By Maya Mabern

One of my most ambitious undertakings during quarantine has been getting through the television show “Angel,” the sometimes lesser, sometimes painful spinoff of “Buffy the Vampire Slayer.” 

As much as I love watching the same scenes of Buffster kicking ass in the same Universal Studios backlot alley, I felt like I was missing some puzzle pieces having not watched “Angel,” since their filming overlapped — ”Buffy” ran from 1997-2003, “Angel” from 1999-2004 — and each show constantly referenced the events of the other. 

I began my mission in July and because of a particularly horrendous fourth season, I’m still making my way through season five, watching about half an episode every other day. While filling in the gaps of my Buffy knowledge, I learned two important things.

First, Charisma Carpenter — who plays queen bee-turned-warrior princess Cordelia Chase — is a deeply underrated actress. Second, leather costuming plays an essential role in shaping the women in the Buffyverse.

Sure, we’re all well aware of the leather duster worn by bleach-blonde vampire Spike, which he acquired from a Slayer he killed in 1970s New York, and Angel’s less consistent leather coat — sometimes he wears a regular old trench coat or black blazer — but what about the leather worn by the female characters? 

Leather is often used to denote some level of badass-ery. Sometimes the leather fits are empowering and other times they take on a more sexist undertone, worn by a woman portrayed as an evil seductress.  

One of the first notable leather moments was Buffy’s leather jacket and prom dress combo in the season one finale, “Prophecy Girl.” It was the ultimate recognition of Buffy’s inhuman strength as a Slayer and emotional strength as a teenage girl. 

Of course, there are the handful of leather pants, skirts and coats worn by Buffy, Cordelia and even Willow since then — and at one point or another, they try to give almost every male character a signature leather jacket, with varying degrees of success — but leather became synonymous to darkness with the introduction of Faith, the good slayer gone bad, in season three of the show.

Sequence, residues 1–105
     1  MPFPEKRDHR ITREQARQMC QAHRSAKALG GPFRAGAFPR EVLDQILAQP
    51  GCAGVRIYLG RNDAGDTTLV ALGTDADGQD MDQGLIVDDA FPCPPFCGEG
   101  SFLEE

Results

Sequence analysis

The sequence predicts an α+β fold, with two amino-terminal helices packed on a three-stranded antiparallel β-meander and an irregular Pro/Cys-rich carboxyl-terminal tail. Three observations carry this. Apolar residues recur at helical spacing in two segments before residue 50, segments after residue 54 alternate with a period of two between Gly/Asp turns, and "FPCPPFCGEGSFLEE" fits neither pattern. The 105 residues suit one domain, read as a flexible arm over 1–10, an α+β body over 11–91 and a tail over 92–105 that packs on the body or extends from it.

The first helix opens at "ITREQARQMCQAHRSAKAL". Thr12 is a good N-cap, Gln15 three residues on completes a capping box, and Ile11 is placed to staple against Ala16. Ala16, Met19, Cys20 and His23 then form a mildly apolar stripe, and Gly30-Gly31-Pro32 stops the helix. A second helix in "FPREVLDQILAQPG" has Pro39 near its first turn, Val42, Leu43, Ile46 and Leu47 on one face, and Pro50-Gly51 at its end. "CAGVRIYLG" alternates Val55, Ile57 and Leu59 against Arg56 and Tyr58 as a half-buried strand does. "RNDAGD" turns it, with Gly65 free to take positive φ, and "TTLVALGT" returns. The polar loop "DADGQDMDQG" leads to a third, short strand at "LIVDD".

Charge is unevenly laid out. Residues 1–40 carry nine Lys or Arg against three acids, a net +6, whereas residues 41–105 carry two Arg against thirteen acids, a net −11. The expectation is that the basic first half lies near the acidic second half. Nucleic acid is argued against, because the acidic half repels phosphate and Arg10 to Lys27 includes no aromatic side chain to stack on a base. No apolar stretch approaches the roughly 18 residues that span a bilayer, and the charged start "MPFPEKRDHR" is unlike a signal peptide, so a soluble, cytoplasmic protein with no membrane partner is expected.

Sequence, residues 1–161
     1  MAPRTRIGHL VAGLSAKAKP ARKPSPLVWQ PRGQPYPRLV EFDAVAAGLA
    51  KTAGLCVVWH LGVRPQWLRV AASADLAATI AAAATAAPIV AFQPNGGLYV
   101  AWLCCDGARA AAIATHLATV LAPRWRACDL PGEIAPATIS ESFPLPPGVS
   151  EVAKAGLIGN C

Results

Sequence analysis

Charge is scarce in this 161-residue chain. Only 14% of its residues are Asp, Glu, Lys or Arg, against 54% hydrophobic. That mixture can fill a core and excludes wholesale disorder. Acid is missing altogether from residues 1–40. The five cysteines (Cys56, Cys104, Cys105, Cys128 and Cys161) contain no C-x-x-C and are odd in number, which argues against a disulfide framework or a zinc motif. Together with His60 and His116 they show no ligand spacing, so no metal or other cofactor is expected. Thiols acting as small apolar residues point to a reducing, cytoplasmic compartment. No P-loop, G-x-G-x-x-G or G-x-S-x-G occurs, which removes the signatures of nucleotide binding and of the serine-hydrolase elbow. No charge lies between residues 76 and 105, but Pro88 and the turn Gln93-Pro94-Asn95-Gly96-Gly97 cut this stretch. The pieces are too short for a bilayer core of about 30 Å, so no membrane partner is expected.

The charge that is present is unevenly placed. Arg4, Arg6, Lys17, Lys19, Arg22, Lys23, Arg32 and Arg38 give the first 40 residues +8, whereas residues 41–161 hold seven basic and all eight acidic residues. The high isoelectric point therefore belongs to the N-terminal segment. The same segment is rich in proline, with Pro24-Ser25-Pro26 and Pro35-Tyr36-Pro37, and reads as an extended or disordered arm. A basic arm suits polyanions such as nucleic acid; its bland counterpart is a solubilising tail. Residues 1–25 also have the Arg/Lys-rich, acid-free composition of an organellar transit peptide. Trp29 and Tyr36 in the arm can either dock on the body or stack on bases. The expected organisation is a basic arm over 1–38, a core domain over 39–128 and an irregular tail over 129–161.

This girl almost exclusively wore leather, whether it was a black leather tank, red leather pants, a leather trench, sometimes all at the same time. When it came time for Buffy to fight Faith, even she wore more leather to match Faith’s energy.

The influence of “Buffy” costume designer Cynthia Bergstrom seemed to carry over into “Angel,” in which nearly every one-off evil female character wears a form of leather. The amount of leather a character wears quickly becomes an indicator of their morals. 

In “Angel,” one of the stand-out leather queens is the short-lived but compelling Gwen Raiden, who has the power to create electrical surges with her hands, which is why she wears full-length gloves.

We see her for the first time in a bright red leather tank top and pants with red highlights to match. Gwen, though not pure evil, is depicted as hypersexual and unemotional, just as Faith was in “Buffy.” Her character wasn’t actually fleshed out further until her appearances on “Angel.”

I think it’s fair to say that “Buffy” and “Angel” would not be in the canon now were it not for their penchant for making nearly every character wear leather. You can see the lasting impact of leather on television on similar Warner Bros. shows, such as “Charmed,” “Roswell” and “Firefly” and especially in the movies of the time, particularly every iteration of “The Matrix.” 

As fashion trends come back about every two decades, leather is having a resurgence. So yes, I did just purchase a leather jacket on Depop.